The couple behind Just Married & Cooking had quite the meet-cute. They first met at age 10, during a church camp in Alabama. Fifteen years later, sitting at Highlands Bar & Grill back in their home state, Brooke Parkhurst recognized the chef’s name on the menu: James Briscione, her fourth-grade boyfriend. Recognizing her, Briscione came out with a plate of fried oysters and foie gras. They started dating the very next day.
After getting hitched, Briscione & Parkhurst wrote a cookbook and started a blog together called Just Married & Cooking in hopes of helping other young couples learn their way around the kitchen. We’re excited to be bringing you a week full of their recipes during May 2013! Read on for our exclusive interview with this sweet couple:
Q: What do you like most about working together?
Brooke: I just like being in the kitchen with him. So the fact that cooking with him is my job, well, that’s pretty fantastic! It’s also great being a home cook and being able to bounce ideas off of a classically-trained restaurant chef and lead culinary instructor.
James: What’s not to like? I get to do what I love with the person I love. ‘Chef hours’ are notoriously difficult on relationships so being able to share some of that long kitchen time with Brooke is a real treat.
Q: What strengths do each of you bring to the table for the blog?
B: As a writer, I love telling stories through food. There’s always a narrative that belongs to each recipe – why we include an ingredient, why we’re serving it at a particular time of year, who it’s being prepared for… All of that is interesting and exciting to me.
J: My creativity and years of experience in professional kitchens make it easy for me to come up with new and interesting things to cook. I love to examine classic dishes and then rebuild them in a way that suits us and our style and where we are in our lives right now.
Q: What made you want to become a chef?
B: I grew up in a family of amazing, lady Southern cooks. My mother and aunts always had something delicious in the oven and on the stove. I watched, learned and always wanted to cook for my family and friends like my mother did. So, while I’m not a chef, I’m a darn good home cook thanks to my upbringing.
J: For me it was the exact opposite. My mom made us dinner every night but she was no great cook. She wasn’t terrible, just nothing inspiring. So for me, I didn’t find any excitement in cooking until I got my first job as a dishwasher at the age of 16. Before long I was promoted to prep cook and never looked back.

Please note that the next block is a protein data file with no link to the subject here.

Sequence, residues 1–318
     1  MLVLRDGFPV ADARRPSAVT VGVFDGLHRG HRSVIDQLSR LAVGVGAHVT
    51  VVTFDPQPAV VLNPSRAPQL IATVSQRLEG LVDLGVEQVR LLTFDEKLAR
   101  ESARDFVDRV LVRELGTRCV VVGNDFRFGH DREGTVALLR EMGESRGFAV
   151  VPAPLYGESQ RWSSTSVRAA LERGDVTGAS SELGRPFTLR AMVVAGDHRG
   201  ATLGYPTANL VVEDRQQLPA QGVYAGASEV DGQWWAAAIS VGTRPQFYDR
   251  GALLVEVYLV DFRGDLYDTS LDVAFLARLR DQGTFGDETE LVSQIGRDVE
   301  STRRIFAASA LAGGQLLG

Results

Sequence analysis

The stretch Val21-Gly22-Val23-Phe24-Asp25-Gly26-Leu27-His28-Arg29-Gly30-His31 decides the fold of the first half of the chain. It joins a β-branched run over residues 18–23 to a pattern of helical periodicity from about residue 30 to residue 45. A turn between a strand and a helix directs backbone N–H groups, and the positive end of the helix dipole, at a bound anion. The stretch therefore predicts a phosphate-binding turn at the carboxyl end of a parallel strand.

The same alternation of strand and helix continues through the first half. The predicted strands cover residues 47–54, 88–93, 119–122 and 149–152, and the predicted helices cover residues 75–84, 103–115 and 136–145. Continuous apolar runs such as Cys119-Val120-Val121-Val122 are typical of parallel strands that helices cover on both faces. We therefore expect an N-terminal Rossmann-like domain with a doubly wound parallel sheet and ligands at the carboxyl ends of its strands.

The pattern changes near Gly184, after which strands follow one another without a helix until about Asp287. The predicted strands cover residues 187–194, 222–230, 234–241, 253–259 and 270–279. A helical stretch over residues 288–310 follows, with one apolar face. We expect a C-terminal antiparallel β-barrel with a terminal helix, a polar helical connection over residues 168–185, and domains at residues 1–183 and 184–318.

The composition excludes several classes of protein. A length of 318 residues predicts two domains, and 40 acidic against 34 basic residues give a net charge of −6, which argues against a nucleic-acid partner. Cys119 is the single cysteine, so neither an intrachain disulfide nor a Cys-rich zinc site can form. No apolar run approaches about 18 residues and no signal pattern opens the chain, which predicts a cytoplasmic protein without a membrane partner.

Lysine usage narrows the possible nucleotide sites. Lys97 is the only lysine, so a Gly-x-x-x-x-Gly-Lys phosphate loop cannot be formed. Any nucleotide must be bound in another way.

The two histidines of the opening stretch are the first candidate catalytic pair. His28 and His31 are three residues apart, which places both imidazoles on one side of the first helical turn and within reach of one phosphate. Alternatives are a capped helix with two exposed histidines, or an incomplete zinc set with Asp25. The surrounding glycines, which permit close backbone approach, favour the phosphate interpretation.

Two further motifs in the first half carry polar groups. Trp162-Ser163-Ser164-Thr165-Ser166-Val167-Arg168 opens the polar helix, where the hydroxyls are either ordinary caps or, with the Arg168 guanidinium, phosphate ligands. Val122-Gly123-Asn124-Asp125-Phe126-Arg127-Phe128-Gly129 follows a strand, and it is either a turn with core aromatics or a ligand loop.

Q: Which recipe in this week’s box is most personal for you? What inspired it?
B: The Pork Chops with Bourbon & Dried Plums really reflect our identities as Southern cooks. The dish is simple, hearty and gives you a feel for just how much James loves bourbon. It’s not enough to drink; he wants to eat it too!
Q: Is there a chef that you really admire or look up to?
B: Martha (Stewart)! She is a hard-nosed kitchen goddess and I love her for it.
J: Frank Stitt is the person who taught me the true art of cooking and I admire him greatly. His food is grounded in simplicity; he is a person who taught me to always seek out the greatest of ingredients and don’t mess with them too much. He was all about the freshly dug carrot bursting with flavor presented perfectly on the plate.
At the same time, I am in awe of the innovation of the great chefs of Spain, beginning with El Bulli and continuing through Mugaritz, Celler de Can Roca and Arzak. While the dishes at these restaurants are highly stylized, the soul of the food is the same. Ferran Adria always began by asking ‘what makes up the carrot?’ ‘How do we takes those pieces of the carrot and make it more carrot-y?’ But then the food was always presented in a way that makes the dinner say ‘Whoa! That was a carrot?!’
So in a way I look up to both of them – I love the sensibility and the whimsy; but in the end it’s all about delicious food that gets people excited.
Chef Challenge: Branch out and try new things. Go buy a new cookbook (we recommend Just Married and Cooking!) and try one new recipe out of it each week. It will keep on a path of constant discovery in the kitchen.
– Pareesha Narang